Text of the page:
Feminists of the Future: Meet Talia!

Chloe Halpenny | Sep 12, 2018
Talia holding a Womankind balloon at her parkrun

We believe that you’re never too young to make a difference, and at just 13 years old, Womankind supporter Talia is proving this to be truer than ever. She’s fundraised an incredible £2,175 this summer through her Bat Mitzvah and a local parkrun – and she’s not done yet. Passionate, determined, and eager to make a difference, Talia is an inspiration to us all! Read on to learn more about her fundraising journey, what’s motivated her, and why she thinks everybody should be a feminist:

What inspired you to fundraise for Womankind?

I believe strongly in equal rights, and Womankind works hard to end discrimination against women and girls by empowering them. I would love to become a human rights lawyer and I am very lucky to go to an excellent school (Lady Eleanor Holles) and have great role models in my family. I am inspired by the work that Womankind does helping women and girls develop their skills in safe environments so that they have the chance to become the best that they can be.

Can you give a bit of background as to what your fundraiser was?

It was my Bat Mitzvah in July. In our faith, we also take on the Jewish responsibility of Tzedakah which translates to both charity and justice, so Womankind seemed the perfect fit for a fundraising project. I wrote an article in our community newsletter and set up a JustGiving page which I advertised in the newsletter and in the invitations to my Bat Mitzvah ceremony. Friends and family have astonished me with their generous donations in celebration of my Bat Mitzvah and to support my 5k parkrun which I did with some of my school friends.  

What do you think made your fundraising so successful?Talia and friends at the parkrun

My initial fundraising target was £400, enough to provide a year's worth of materials for women survivors of violence to train in business skills in Zimbabwe (where my Dad was born). That target was quickly smashed! I think that the cause must have resonated with people on various different levels. I go to a girls school, so lots of my friends and their parents believe strongly in women’s rights. As well, when studying for my Bat Mitzvah I learnt that my great grandmother bravely travelled to South Africa as a refugee to escape violence in Lithuania. I think this personal story made the fundraising come alive for my wonderful supporters, most of whom had not heard about Womankind before. Womankind were also really helpful in sending information, leaflets and balloons that I could use, and in being super supportive in sending me lovely messages of encouragement.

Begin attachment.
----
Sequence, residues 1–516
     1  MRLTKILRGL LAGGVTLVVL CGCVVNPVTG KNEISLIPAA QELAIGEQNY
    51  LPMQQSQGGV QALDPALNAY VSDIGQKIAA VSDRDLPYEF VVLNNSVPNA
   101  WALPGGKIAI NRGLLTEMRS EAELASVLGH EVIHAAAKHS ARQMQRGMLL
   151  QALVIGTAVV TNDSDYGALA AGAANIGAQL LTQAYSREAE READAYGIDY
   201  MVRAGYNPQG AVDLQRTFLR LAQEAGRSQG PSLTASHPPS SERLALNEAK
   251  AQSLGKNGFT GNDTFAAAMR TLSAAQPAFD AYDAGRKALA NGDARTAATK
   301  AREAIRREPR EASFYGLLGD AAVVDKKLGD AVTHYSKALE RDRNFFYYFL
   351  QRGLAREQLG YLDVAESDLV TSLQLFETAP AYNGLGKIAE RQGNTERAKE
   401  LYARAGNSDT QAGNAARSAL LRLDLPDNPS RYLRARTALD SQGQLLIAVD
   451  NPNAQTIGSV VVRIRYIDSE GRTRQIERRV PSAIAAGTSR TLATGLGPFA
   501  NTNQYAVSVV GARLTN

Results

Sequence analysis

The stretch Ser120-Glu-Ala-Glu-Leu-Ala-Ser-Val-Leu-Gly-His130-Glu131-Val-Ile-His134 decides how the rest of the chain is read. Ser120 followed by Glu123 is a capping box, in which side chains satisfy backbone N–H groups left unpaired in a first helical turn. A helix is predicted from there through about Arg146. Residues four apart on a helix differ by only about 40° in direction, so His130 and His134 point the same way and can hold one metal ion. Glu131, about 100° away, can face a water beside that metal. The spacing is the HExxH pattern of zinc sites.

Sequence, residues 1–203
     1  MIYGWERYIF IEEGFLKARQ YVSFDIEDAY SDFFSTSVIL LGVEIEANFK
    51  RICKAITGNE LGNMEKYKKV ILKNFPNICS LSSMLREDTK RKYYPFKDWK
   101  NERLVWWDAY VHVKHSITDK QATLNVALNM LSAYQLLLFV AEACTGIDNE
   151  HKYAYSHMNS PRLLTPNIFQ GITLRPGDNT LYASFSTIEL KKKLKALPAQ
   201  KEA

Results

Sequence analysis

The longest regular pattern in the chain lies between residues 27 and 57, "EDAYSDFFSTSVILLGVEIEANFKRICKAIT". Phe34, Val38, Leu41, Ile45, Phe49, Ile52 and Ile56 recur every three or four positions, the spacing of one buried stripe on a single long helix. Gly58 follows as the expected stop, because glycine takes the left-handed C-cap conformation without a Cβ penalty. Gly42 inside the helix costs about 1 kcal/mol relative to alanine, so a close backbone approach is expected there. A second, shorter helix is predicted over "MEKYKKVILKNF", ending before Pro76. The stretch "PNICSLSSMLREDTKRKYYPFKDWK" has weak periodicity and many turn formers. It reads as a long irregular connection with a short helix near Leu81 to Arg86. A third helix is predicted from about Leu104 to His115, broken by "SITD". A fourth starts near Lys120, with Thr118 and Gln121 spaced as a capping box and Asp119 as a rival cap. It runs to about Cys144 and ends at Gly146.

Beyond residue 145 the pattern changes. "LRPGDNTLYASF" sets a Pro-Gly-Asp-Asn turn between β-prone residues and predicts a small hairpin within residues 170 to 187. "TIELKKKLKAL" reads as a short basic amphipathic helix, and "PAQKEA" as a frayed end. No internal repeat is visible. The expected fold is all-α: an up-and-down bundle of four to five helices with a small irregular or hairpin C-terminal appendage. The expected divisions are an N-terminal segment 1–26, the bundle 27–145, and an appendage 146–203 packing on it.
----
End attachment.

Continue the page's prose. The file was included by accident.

How did other people react when they learnt you were fundraising for Womankind?

My parents and brother were really proud of me.  My brother wrote on my JustGiving page, “it’s a good cause and one that should inspire you to do great things, not only now but throughout your life” – that was really nice. I have an amazing family and group of friends and they have all been really supportive.  

Do you have a favourite memory from your fundraising?

The Bat Mitzvah was brilliant and the culmination of a lot of hard work, but I especially loved doing the parkrun with my school friends. We were all in our matching Womankind running vests and people were shouting support as we ran, and some even came up to us afterwards to ask about Womankind. It felt like we were really making a difference, which was great. Those of my friends who were away on the day of the run want me to arrange another one, so we will be running again!

11th October is International Day of the Girl - why do you think it's important to advocate for girls' rights?

It is really shocking to read that there is nowhere in the world where girls have all of the same opportunities as boys. I know that this is gradually changing, but there is still a long way to go and things can just as easily go backwards as well as forwards, so we have to do what we can to keep up awareness. 

Do you have a message for other young aspiring feminists? 

I worry that people get confused about what a feminist is. It really upsets me when some celebrities with huge social media followings say that they are not feminists. All a feminist wants is equal rights, nothing more than that. If you believe in equality and fairness then you are a feminist, whether you are aTalia at her Bat Mitzvah man or a woman. I am a feminist. My brother is a feminist. The more that young people declare themselves to be feminists, then the more it becomes totally normal. The more normal it becomes, the harder it will be for discrimination to survive.
 

Join us this October!

Feeling inspired by Talia? We’re gearing up for International Day of the Girl this autumn and would love to hear from you – click here to learn more about how you can fundraise for women’s rights in your home, school, or community!


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